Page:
2. I don't need excuses if I want to buy one, I just wanted to know if this would be a good addon to the toolbox I'm trying to put together. So far I think I'm going to focus on getting some good quality manual tools, taking into consideration not getting a traditional screwdriver set but having a set of bits from say Wera. Eventually I can add a gyro screwdriver to my set for things like inspection panels, cowling, etc.
  3. Hey offtopic but related, I assumed that most of nuts, bolts, etc in a Mooney are SAE no? No or few metric stuff, right?
  4. Hey all, thanks a lot for the reply's. I was more concerned about if the tool would fit in the tight spaces, but I totally agree that power tools tend to strip up screws, so maybe better to avoid them at least in the aircraft. I liked the idea of the gyro screwdriver, I have seen that and was curious about how "natural" it feld. That my be an option, although it still breaks the "romantic" idea of not using manual tools in an aircraft that was assembled with manual tools and lot's of dedication.
  5. I don't know how it's in other regions but here in Houston area is not common for ATC to "assign" IFR altitudes to VFR aircrafts under flight following. It is really intriguing this accident, hopefully we will learn what happened. From my understand this is clearly not an engine failure. The aircraft crashed inside the airport perimeter. It seems they were in an area that, even if not making the runway because of an engine failure/fuel starvation, they were able to land short, in the grass, with a much better outcome. Although I don't trust ADS-B data this close to the ground, in the last minute there seems to be a climb from 500ft to 800ft. Maybe they saw something in the runway and they tried to execute a go-around that ended up catastrophically? I feel really sorry for Candi's loss. On the up side, let's think that Rae passed away doing what he loved, much better than passing away in an elderly care facility, at least in my view of seeing life.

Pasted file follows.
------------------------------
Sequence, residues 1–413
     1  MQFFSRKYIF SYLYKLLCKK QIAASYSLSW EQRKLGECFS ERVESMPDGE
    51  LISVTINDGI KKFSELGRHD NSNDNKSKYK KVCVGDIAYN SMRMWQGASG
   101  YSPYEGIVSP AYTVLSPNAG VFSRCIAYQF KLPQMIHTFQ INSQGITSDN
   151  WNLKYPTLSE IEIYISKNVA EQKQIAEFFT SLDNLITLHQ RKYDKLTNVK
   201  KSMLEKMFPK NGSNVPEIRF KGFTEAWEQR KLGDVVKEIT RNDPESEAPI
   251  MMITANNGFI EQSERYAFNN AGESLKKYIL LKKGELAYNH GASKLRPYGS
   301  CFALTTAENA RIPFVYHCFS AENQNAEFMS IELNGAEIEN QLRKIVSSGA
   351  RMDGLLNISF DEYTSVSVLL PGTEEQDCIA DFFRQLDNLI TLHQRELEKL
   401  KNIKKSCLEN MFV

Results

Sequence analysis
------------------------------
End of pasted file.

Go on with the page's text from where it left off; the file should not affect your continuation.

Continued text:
6. It was not one year, it was 6 months. One year was from the moment until I did the prebuy and immediately the annual after it until now. The part it the aft stub wing spar. The factory is already finishing it, so shouldn't take much longer.
  7. I'm trying to put together a set of tools to keep in the hangar for when I get my airplane back from the shop. I was looking at Makita's ratchet wrench and the 90° screwdriver as well. Are they good? I'm not asking much about the brand but if they are useful for work in tight spaces in a Mooney. PS: I was sure there was a post about tools, I search for it but couldn't find it. If there is one and any of you has the link at hand please share it. Thanks.
  8. I'm following the advice of the best Mooney shop in the US.
  9. It seems that Carl has passed away sadly. https://www.bostonglobe.com/2022/12/03/metro/police-identify-pilot-killed-falmouth-plane-crash-wife-hospitalized-with-serious-injuries/